It's officially an "application for pretrial writ of habeas corpus"; denials of such applications can be appealed before trial.
Even if Gov. Rick Perry's veto threat could have been criminalized by a narrow, specifically defined statute (and I'm not sure it could be), it can't constitutionally be punished under the statutes that the prosecutor has cited.
I've posted below on why I think the Perry indictment is legally unsound -- but I want to make sure I'm not missing some important legal issues. Can anyone please point me to specific legal arguments explaining why Perry's behavior violates the specific statutes mentioned in the indictment (rather than general explanations of why the behavior was unsavory or ill-intentioned, or why there ought to be a law against it)?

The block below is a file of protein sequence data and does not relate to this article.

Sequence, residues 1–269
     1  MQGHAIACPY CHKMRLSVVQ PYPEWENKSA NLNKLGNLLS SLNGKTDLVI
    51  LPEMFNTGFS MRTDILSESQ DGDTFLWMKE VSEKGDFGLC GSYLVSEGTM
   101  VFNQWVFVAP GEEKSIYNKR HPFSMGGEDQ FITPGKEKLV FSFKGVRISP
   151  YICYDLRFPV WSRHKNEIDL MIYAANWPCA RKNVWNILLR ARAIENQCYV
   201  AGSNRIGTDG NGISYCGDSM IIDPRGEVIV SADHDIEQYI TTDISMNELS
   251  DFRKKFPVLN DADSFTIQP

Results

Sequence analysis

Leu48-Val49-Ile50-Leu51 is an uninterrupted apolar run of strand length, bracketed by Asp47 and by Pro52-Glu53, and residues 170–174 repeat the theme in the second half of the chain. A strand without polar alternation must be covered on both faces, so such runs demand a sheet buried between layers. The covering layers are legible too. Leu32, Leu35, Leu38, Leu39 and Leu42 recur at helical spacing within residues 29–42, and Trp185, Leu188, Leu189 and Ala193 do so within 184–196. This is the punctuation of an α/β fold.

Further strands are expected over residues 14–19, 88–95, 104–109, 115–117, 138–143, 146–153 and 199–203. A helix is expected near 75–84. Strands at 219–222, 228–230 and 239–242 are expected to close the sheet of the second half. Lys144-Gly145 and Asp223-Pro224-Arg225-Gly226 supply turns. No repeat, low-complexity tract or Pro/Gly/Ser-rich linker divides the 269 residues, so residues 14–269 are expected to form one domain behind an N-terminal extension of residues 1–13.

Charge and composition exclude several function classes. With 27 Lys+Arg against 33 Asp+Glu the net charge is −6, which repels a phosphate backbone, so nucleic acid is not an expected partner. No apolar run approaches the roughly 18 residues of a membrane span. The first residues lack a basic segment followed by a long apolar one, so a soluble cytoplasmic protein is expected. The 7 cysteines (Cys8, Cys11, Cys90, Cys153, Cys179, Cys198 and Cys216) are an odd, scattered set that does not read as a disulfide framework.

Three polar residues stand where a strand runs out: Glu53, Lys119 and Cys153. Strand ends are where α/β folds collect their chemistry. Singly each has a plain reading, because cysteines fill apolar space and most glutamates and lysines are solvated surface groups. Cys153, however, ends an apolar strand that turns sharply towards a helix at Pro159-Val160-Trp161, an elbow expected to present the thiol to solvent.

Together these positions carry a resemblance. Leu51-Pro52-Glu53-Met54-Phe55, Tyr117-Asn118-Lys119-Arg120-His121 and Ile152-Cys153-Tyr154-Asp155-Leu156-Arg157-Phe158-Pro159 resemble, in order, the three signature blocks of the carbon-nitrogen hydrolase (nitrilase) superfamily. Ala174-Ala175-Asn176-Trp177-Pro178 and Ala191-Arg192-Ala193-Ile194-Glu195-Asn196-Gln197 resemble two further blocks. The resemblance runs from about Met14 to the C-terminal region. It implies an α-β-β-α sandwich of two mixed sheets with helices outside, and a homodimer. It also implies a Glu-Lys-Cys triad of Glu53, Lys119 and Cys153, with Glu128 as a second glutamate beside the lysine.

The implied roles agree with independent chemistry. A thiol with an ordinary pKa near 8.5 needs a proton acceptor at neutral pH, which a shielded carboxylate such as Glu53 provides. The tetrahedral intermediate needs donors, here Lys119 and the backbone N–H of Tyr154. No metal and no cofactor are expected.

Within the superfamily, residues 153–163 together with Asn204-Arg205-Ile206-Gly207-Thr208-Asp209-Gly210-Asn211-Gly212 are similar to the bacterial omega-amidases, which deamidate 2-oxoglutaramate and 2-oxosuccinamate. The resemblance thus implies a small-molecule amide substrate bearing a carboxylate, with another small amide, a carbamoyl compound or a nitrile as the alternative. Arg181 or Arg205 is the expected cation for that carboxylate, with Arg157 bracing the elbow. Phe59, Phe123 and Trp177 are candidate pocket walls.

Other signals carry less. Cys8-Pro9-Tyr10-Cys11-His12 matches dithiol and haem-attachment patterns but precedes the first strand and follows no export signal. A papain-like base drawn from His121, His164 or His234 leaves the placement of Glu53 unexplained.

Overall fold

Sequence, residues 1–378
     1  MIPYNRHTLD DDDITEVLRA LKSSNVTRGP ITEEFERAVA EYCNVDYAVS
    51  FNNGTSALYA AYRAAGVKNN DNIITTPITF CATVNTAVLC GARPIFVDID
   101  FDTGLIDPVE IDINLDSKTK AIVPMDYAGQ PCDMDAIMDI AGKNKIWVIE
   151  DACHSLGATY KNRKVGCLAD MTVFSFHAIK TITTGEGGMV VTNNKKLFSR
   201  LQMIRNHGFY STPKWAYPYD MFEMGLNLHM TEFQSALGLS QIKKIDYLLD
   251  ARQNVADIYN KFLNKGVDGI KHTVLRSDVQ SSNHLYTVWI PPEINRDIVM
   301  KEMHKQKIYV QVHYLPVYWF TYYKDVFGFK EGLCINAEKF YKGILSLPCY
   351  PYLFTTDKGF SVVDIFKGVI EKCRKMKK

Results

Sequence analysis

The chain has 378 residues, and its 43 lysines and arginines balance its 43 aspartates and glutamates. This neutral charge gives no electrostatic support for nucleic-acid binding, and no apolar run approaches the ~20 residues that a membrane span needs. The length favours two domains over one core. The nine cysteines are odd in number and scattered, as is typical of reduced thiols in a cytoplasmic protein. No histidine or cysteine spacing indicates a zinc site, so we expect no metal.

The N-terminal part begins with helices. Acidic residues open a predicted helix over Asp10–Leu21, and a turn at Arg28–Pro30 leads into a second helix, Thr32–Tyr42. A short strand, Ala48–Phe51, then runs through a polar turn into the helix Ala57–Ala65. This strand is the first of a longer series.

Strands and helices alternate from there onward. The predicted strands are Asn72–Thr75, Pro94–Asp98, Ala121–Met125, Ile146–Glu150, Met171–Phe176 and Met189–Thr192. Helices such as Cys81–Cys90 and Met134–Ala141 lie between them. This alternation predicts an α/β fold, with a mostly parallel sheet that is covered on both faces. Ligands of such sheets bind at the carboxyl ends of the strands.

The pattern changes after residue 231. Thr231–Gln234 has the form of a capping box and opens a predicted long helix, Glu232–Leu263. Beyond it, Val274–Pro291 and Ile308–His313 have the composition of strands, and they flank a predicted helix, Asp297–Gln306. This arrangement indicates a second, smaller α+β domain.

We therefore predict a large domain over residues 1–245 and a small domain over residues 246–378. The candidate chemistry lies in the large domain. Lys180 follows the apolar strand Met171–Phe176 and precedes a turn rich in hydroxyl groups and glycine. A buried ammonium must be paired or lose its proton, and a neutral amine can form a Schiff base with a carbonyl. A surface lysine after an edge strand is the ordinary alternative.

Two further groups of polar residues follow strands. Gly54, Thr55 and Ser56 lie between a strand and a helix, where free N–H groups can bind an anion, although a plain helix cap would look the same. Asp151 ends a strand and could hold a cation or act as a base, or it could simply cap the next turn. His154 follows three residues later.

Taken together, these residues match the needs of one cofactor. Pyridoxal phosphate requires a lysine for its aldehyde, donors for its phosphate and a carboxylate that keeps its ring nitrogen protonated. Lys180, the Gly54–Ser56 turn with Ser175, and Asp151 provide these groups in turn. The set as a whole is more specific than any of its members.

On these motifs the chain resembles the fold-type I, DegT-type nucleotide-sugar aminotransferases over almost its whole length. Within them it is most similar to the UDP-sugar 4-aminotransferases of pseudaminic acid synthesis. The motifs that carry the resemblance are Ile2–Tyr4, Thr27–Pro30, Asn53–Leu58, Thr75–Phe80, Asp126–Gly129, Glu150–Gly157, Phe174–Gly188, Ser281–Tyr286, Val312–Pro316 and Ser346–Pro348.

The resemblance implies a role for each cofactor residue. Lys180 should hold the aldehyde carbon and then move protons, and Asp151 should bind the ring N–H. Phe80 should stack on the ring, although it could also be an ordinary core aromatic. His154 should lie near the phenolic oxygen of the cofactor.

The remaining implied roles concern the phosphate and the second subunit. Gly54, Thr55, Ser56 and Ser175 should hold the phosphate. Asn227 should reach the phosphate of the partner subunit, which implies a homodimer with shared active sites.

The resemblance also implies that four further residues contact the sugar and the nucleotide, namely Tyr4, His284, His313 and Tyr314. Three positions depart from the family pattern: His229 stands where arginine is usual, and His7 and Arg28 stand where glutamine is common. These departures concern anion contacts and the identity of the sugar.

UC Irvine’s Rick Hasen writes at Electionlawblog: Texas Governor Rick Perry has been indicted for coercion and abuse of power in a potentially politically motivated prosecution for actions Perry possibly took out of political motivation to shut down possible politically motivated prosecutions. Got that? . . . Perry joins the list of other politicians prosecuted under controversial […]
My tentative thinking: State v. Hanson (Tex. Ct. App. 1990) seems to cut against the theory in Count II of the Perry indictment, though please let me know if I'm mistaken.
A grand jury is investigating the Texas governor's veto of funding after a local district attorney was arrested for drunk driving and refused to resign.